Trade surplus widens as imports decline by 7pc
The trade surplus widened to €3.3bn in October from €2.9bn in September, stoking hopes in some quarters that a recent fall in pharmaceutical exports was a statistical blip rather than the beginning of a downward trend.
Goods exports volumes rose by 1pc following a 17.9pc decline in September on falls in the pharmaceuticals sector. Pharmaceutical exports rose 3.7pc in October.
"The recovery in exports is a welcome development after sharp falls in September," said Davy stockbrokers analyst David McNamara. However, he repeated recent warnings that sharp falls in exports are likely next year as patents on some important medicines expire.
Imports of goods fell 7.4pc on the month, which also helped to boost the trade surplus. Exports to the UK are up 10pc this year, while exports to the eurozone rose 2.5pc. Exports to the US fell 14pc over the same period.
Comparing October this year with last October, imports increased 13pc thanks to food and live animals along with machinery. The EU remains the main source of imports, accounting for 60pc of imports. The US at 12pc and China at 7pc were the main non-EU sources of imports.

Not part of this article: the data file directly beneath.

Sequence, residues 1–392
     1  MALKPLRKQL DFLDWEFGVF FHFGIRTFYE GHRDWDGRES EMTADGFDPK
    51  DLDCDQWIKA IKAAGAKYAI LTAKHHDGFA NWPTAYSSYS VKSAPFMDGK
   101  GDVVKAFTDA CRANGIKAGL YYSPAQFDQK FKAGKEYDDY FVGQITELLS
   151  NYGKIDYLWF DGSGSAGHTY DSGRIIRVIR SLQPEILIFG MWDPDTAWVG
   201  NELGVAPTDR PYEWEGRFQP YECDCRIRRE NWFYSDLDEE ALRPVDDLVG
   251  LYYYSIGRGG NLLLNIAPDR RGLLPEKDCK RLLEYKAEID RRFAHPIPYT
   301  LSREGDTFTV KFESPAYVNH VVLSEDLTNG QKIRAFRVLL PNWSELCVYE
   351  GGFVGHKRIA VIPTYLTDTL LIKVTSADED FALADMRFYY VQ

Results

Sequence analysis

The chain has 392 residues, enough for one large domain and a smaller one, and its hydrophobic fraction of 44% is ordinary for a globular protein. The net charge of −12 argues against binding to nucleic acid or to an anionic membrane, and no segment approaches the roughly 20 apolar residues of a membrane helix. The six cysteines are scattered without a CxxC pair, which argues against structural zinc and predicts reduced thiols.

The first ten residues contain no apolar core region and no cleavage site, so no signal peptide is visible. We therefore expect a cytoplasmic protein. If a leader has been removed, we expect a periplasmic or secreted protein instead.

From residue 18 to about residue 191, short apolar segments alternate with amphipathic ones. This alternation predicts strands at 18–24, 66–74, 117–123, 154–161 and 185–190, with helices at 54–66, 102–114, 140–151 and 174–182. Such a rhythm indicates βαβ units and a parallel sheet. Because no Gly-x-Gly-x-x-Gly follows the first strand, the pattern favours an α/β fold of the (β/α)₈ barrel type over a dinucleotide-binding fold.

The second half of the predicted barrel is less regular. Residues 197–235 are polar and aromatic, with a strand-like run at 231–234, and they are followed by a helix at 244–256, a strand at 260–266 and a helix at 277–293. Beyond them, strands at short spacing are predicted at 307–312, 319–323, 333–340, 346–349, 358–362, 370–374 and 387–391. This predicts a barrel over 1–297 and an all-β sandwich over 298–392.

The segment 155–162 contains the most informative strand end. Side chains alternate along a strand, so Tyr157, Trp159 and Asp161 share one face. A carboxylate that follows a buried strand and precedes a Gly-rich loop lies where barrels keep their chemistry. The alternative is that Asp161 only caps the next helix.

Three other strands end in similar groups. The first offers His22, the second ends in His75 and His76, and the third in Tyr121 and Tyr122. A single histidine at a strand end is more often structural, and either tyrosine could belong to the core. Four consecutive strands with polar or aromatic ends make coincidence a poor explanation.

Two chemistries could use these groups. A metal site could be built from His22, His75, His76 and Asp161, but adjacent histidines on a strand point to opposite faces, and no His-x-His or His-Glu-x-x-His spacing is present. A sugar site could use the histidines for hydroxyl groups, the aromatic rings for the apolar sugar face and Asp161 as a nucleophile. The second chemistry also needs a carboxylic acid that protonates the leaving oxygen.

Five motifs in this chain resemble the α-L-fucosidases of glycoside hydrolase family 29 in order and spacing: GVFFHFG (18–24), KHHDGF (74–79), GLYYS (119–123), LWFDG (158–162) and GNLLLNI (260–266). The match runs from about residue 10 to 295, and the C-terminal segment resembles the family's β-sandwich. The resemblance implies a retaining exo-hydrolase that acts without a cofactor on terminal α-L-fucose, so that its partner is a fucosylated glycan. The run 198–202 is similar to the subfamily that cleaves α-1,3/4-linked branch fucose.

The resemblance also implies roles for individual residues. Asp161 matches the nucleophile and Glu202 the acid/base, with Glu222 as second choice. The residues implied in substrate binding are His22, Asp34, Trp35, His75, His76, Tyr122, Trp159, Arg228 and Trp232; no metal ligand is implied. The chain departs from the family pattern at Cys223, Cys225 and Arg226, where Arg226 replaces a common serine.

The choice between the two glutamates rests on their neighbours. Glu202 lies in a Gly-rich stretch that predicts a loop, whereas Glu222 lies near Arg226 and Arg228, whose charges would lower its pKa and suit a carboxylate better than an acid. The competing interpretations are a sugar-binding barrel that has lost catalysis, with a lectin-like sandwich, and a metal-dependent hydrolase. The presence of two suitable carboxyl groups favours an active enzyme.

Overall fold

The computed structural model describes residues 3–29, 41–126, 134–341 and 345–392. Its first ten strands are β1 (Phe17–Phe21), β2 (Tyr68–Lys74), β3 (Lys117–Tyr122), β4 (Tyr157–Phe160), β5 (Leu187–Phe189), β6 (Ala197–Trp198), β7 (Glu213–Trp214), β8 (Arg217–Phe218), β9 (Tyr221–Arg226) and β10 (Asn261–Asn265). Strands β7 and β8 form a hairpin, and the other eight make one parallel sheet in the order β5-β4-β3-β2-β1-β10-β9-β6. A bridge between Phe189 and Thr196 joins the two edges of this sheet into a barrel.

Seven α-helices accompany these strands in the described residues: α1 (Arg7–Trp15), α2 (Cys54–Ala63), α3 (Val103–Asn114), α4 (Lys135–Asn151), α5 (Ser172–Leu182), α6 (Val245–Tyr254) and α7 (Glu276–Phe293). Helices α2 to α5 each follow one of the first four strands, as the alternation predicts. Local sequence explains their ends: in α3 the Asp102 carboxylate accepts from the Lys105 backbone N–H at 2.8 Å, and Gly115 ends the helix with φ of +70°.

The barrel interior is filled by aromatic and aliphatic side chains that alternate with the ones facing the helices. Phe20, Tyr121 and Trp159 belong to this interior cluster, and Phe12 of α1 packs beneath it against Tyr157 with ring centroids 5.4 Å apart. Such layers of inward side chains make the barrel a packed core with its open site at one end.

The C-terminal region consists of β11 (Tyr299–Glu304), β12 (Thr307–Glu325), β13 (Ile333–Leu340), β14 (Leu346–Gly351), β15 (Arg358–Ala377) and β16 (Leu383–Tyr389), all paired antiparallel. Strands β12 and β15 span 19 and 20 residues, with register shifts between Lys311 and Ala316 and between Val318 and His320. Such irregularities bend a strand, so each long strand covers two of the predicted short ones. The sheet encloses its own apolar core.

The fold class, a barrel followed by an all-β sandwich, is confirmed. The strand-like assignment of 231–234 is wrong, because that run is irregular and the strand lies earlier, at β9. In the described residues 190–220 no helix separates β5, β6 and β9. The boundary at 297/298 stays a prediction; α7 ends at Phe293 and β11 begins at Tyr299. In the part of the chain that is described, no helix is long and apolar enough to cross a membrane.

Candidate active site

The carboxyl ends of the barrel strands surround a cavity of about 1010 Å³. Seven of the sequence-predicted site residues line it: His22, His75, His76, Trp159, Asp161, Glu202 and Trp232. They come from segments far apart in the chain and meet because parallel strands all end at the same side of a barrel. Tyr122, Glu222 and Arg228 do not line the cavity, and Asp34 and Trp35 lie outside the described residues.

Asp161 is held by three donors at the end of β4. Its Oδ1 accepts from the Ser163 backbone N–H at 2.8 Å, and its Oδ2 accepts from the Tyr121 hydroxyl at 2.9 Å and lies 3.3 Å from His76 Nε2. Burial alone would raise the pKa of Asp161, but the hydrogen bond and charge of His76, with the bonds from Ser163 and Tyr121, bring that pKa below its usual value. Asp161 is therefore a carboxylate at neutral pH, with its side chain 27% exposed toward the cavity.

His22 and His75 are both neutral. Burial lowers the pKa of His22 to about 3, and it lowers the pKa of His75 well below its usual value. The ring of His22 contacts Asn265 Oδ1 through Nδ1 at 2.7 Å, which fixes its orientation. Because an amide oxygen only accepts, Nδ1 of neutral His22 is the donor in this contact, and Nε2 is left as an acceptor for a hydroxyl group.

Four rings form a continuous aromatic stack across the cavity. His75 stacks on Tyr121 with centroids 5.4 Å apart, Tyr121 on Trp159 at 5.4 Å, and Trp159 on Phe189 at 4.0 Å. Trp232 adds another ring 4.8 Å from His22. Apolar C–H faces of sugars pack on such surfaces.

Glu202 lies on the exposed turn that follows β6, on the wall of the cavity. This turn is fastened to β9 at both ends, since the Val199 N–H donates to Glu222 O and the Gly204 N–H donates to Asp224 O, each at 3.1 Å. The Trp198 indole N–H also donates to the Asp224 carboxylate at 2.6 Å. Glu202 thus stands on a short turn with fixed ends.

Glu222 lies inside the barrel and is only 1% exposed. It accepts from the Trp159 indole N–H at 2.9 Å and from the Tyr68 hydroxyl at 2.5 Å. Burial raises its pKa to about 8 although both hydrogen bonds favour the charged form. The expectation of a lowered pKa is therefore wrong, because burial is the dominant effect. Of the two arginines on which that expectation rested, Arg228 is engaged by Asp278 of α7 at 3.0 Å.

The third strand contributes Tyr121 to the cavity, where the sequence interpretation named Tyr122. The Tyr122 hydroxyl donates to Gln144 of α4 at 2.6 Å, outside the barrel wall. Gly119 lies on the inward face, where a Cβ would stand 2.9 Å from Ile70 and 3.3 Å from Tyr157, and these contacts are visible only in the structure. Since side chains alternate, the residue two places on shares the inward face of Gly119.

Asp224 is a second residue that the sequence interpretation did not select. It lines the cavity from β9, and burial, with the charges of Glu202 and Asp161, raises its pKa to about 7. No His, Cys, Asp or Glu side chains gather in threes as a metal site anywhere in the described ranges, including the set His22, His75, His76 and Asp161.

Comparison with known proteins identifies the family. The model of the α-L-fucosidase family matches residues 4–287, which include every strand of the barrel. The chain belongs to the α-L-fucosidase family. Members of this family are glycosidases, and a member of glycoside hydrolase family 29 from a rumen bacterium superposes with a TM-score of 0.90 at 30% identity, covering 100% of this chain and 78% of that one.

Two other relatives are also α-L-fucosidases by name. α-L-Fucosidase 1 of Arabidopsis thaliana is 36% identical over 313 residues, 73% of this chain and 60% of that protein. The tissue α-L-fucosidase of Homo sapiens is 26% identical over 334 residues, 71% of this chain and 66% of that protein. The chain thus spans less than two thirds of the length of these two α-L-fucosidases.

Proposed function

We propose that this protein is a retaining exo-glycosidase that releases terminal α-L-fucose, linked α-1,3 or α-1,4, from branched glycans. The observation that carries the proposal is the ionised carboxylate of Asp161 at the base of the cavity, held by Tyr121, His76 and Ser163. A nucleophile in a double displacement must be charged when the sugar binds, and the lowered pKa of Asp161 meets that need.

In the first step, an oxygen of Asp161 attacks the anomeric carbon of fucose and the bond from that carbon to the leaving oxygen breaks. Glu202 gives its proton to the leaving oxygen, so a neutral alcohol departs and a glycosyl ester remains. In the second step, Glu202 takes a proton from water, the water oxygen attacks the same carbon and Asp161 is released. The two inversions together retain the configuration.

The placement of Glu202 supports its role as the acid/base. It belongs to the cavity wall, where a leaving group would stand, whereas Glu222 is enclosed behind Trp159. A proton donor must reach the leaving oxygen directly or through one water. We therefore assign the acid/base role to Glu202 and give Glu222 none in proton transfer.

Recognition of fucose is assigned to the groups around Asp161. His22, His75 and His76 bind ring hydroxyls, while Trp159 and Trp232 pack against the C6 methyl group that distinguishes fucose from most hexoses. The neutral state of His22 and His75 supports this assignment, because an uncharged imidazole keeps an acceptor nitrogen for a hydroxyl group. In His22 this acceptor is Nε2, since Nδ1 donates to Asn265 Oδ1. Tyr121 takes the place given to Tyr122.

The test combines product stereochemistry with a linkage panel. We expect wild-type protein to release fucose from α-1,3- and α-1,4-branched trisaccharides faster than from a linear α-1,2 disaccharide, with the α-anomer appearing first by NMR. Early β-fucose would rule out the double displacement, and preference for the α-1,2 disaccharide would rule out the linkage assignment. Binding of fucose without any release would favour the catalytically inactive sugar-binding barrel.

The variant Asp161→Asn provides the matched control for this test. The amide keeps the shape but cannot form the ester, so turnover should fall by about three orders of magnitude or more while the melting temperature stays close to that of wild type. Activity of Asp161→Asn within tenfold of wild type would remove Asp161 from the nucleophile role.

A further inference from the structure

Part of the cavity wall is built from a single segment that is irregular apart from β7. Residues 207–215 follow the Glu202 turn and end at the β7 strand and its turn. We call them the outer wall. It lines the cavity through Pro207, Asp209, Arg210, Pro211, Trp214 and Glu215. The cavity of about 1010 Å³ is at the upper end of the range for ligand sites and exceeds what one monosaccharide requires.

Despite the pick-up, the October surplus was still the third lowest this year.
Chambers Ireland said the figures highlight "ongoing problems" in the domestic economy. "These figures highlight that the export sector is continuing to compensate for the distressed domestic sector, further enforcing the difficulties in the domestic economy," it said.
Seasonally adjusted exports were up 1.6pc in the month, while imports posted a decrease of 6.6pc. On an unadjusted basis there was a surplus of €3,147m in October, €379m lower than the surplus of €3,526m posted in October 2012. In the first 10 months of 2012 the cumulative trade surplus amounted to €36.2bn. Comparing October this year with October 2011, the value of exports increased by €110m (1.5pc), though exports of chemicals and related products fell by €253m.
Alan McQuaid, an economist at Merrion Stockbrokers, warned: "There are clear downside risks in the short-term, especially in relation to external demand."